Scholar Veronica Mary Rolf introduces modern readers to Julian of Norwich by exploring her historical context, illuminating Julian's revelations and writings, and offering connections to a reader's life and experience.
The third edition of this groundbreaking work brings together scholars firmly committed to the authority of Scripture to explore historical, biblical, theological, cultural, and practical aspects of this discussion.
This book reveals new early Christian evidence that Mary was remembered as a powerful role model for women leaders―women apostles, baptizers, and presiders at the ritual meal. Early Christian art portrays Mary and other women clergy serving as deacon, presbyter/priest, and bishop.
Scholars are divided in their views about the teachings on riches in 1 Timothy. Evidence that has been largely overlooked in NT scholarship appears in Ephesiaca by Xenophon of Ephesus and suggests that the topic be revisited. In this volume, Hoag introduces Ephesiaca and employs a socio-rhetorical methodology to explore it alongside other ancient evidence and five passages in 1 Timothy (2:9 15; 3:1 13; 6:1 2a; 6:2b 10; and 6:17 19). His findings augment our modern conception of the Sitz im Leben of the wealthy in Ephesus.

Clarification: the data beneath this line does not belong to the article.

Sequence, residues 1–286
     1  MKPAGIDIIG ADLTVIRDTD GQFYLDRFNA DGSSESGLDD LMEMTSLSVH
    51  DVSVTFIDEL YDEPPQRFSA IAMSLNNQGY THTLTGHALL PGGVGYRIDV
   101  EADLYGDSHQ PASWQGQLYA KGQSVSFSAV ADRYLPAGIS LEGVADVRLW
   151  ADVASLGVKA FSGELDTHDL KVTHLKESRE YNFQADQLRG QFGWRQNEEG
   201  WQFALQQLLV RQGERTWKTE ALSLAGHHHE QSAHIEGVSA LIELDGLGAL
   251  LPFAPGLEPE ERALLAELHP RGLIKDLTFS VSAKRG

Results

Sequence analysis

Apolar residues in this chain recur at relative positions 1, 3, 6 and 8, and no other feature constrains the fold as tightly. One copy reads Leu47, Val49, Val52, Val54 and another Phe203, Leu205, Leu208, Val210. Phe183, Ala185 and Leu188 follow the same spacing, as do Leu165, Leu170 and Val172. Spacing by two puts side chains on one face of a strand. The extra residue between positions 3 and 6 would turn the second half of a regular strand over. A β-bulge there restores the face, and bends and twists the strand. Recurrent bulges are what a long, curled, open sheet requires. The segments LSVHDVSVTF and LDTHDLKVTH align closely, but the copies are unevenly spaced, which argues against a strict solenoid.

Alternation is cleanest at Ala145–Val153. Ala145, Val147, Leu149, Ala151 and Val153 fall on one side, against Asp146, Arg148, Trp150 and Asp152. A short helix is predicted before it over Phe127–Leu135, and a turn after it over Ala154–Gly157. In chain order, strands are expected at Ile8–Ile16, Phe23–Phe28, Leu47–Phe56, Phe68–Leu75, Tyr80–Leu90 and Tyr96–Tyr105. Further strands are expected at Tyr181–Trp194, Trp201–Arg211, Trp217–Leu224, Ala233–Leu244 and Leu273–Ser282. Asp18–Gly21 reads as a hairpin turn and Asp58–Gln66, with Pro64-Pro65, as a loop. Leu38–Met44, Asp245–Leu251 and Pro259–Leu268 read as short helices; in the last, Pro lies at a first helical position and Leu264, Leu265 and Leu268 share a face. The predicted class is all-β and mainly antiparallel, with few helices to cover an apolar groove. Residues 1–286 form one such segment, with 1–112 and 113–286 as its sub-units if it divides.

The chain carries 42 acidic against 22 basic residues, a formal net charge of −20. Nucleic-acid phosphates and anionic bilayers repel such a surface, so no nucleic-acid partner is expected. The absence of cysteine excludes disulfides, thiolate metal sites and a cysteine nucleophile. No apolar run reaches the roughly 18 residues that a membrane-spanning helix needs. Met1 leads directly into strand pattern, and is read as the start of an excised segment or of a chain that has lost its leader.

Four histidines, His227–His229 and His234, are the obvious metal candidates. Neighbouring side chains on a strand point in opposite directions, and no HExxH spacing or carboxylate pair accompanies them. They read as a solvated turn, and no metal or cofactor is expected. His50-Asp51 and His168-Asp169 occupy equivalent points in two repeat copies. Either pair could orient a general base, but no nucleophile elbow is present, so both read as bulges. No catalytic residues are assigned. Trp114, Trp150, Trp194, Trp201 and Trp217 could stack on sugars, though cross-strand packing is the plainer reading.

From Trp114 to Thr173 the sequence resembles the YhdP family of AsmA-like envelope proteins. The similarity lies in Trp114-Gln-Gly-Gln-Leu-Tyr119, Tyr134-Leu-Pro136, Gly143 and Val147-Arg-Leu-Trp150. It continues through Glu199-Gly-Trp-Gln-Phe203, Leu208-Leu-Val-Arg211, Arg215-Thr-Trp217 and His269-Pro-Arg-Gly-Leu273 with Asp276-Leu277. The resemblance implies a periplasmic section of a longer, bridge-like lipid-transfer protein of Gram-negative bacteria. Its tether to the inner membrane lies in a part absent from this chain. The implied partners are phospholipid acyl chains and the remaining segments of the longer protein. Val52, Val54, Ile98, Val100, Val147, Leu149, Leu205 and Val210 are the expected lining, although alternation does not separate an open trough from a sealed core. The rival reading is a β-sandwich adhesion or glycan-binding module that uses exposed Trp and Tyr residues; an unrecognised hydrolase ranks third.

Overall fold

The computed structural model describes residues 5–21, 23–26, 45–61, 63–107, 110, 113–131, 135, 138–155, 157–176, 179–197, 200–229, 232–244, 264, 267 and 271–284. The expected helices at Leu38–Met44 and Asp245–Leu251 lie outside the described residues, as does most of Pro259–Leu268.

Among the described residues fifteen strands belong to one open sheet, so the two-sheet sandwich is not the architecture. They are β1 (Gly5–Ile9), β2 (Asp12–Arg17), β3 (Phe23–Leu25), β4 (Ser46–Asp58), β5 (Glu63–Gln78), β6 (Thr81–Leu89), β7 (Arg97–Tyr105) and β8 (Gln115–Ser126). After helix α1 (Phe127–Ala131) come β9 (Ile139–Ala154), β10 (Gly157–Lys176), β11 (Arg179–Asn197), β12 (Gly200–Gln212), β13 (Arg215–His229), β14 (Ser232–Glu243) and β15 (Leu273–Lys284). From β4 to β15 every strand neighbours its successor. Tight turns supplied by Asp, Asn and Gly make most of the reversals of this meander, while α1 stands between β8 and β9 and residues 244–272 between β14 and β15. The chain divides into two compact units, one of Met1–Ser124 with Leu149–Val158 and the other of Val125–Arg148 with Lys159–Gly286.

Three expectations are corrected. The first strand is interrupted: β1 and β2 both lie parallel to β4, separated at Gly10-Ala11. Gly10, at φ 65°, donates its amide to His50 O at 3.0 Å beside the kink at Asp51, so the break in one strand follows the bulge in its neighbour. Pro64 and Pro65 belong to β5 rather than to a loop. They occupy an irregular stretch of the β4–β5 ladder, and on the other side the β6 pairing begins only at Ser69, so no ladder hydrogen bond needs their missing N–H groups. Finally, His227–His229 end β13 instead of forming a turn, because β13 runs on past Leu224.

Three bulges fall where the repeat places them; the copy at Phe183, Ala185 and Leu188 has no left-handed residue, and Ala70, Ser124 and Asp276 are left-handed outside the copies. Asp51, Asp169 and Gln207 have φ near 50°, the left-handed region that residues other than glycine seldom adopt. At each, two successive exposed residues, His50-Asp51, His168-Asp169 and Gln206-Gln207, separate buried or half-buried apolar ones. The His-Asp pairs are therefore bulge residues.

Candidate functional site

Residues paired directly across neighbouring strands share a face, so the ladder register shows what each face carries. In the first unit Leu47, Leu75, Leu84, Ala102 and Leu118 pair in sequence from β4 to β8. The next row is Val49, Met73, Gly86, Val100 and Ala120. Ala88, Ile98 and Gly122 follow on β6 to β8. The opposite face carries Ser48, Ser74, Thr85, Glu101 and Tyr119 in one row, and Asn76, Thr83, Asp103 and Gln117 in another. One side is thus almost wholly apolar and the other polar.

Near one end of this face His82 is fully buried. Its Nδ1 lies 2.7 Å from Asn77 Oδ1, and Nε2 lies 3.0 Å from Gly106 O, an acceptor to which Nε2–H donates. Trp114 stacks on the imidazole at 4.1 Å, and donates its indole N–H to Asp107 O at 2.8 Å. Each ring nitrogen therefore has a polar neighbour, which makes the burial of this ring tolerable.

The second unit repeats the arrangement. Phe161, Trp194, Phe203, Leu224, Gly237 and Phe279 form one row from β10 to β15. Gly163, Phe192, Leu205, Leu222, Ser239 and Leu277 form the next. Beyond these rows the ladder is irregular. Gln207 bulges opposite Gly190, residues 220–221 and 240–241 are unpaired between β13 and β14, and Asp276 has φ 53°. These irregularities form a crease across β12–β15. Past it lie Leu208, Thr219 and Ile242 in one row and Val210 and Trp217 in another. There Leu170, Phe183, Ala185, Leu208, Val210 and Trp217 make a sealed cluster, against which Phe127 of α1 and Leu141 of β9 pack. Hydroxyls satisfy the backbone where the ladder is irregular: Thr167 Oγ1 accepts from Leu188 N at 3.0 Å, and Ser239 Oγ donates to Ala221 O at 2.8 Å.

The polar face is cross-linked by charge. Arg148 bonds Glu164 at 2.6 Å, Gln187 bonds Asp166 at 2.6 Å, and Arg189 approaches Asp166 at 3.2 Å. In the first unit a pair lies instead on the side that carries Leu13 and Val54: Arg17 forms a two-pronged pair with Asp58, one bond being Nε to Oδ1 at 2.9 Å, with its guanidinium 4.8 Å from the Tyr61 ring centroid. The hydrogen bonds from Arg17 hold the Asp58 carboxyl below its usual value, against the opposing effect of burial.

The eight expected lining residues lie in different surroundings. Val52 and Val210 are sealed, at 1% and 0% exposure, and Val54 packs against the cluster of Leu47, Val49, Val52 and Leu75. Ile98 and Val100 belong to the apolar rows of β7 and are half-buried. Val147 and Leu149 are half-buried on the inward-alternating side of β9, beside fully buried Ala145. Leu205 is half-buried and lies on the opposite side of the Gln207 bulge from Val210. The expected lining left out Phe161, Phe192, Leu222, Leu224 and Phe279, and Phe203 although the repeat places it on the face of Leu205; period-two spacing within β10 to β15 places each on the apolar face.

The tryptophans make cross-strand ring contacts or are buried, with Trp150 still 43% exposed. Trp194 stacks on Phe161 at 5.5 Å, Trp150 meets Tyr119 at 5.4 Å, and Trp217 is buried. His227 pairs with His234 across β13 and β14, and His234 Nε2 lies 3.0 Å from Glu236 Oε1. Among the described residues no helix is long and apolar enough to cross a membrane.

This five-part lecture series explores the biblical, historical, and social precedent for women's shared leadership in the church, the home, and the world. Topics include Old and New Testament evidence of women's leadership, women's leadership in church history, understanding power dynamics, and working cross-culturally.